This week’s 102 Pensions Buzz respondents were in agreement that a permanent pensions commission should be formed.
HM Treasury has confirmed the launch date of the upcoming joint consultation on changes to the Retail Prices Index (RPI) will be pushed back until Budget day.
2019 was a busy year on many fronts, and pensions was no exception. Paul Kitson gives his top ten predictions for the pensions industry in 2020.
People who have left risks unmanaged will be rewarded under the government’s proposals to reform the Retail Prices Index (RPI) while those in well-risk-managed schemes could lose out, says Barnett Waddingham.
Trustees and scheme sponsors should avoid significant pension actions until proposed changes to RPI inflation methodology become clearer, Lane Clark & Peacock says.
The Treasury will soon consult on moving the calculations behind RPI to match another index. James Phillips looks at the proposal and its potential impact on pension schemes.
BT will not be able to swap the index used to uprate part of its pension scheme after the Supreme Court denied permission to appeal, closing all legal avenues.
De La Rue's defined benefit (DB) pension scheme gained £80.5m after swapping the index used to revalue benefits, but lost £0.5m to rectify discrepancies identified in the scheme's rules.
Philip Hammond's Spring Statement was empty of any direct pension news as the Treasury sought to avoid major policy announcements.
The Interserve Pension Scheme has recognised a £70.6m reduction in liabilities after swapping the index used to uprate benefits.
The UK Statistics Authority's (UKSA) "refusal" to fix a long-standing error in the retail prices index (RPI) is "untenable" and demonstrates a need to commit to one measure of inflation.
BT has lost a Court of Appeal attempt to swap one section of its defined benefit (DB) pension schemes from the Retail Prices Index (RPI) to the Consumer Prices Index (CPI).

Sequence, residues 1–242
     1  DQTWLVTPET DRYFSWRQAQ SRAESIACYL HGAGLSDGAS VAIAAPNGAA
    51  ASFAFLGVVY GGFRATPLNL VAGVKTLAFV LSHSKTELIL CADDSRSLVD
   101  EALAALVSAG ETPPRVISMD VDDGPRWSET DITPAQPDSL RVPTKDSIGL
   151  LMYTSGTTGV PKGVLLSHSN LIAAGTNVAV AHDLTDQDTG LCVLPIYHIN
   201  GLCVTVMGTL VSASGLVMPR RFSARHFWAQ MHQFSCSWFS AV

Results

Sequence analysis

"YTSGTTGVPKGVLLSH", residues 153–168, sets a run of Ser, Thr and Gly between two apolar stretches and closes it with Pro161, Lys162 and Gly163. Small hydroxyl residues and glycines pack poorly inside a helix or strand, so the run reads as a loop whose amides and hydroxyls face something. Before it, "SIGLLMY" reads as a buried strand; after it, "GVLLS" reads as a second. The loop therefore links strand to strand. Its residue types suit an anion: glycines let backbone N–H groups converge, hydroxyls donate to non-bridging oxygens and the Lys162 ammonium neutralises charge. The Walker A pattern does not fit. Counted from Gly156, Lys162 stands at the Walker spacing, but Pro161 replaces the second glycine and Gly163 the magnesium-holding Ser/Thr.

The Barnardo's pension scheme has been denied permission to switch the inflationary index it uses for uprating pension benefits in a unanimous judgment from the Supreme Court.
The government will gradually adopt a version of the Consumer Prices Index (CPI) which incorporates housing costs for pension funds and index-linked gilts, it confirmed today.
Chancellor Philip Hammond has said he would be happy to hear about reforming the retail prices index (RPI) as long as the Office of National Statistics (ONS) initiates discussions.
The retail prices index (RPI) should be reformed within the next decade but the full ramifications must be properly considered, according to the UK's statistics chief.
Research suggests the industry believes schemes have been unintentionally locked into using the higher inflation measure but many remain unsure about an override. Victoria Ticha takes a closer look
Malcolm McLean says the green-tinged white paper raised almost as many questions as answers and we are still far from knowing the exact direction of government policy
Granting statutory protection to pre-1997 benefits in defined benefit (DB) schemes would be an unfair cost to sponsors and would force even more closures, according to this weeks' Pensions Buzz respondents.
BT will appeal last month's High Court ruling which barred it from swapping the inflation indexation used for one section of the BT Pension Scheme (BTPS).
The Treasury select committee has told the government it must stop using the Retail Prices Index (RPI) for "any indexation purpose where legally possible".
BT has been barred from swapping the indexation of the third section of the BT Pension Scheme (BTPS).
BT is seeking to switch indexation for the final section of its scheme in order to stem a ballooning deficit.
While the government moots allowing schemes to swap indices when rules are rigid, James Phillips explores whether a new index could end the debate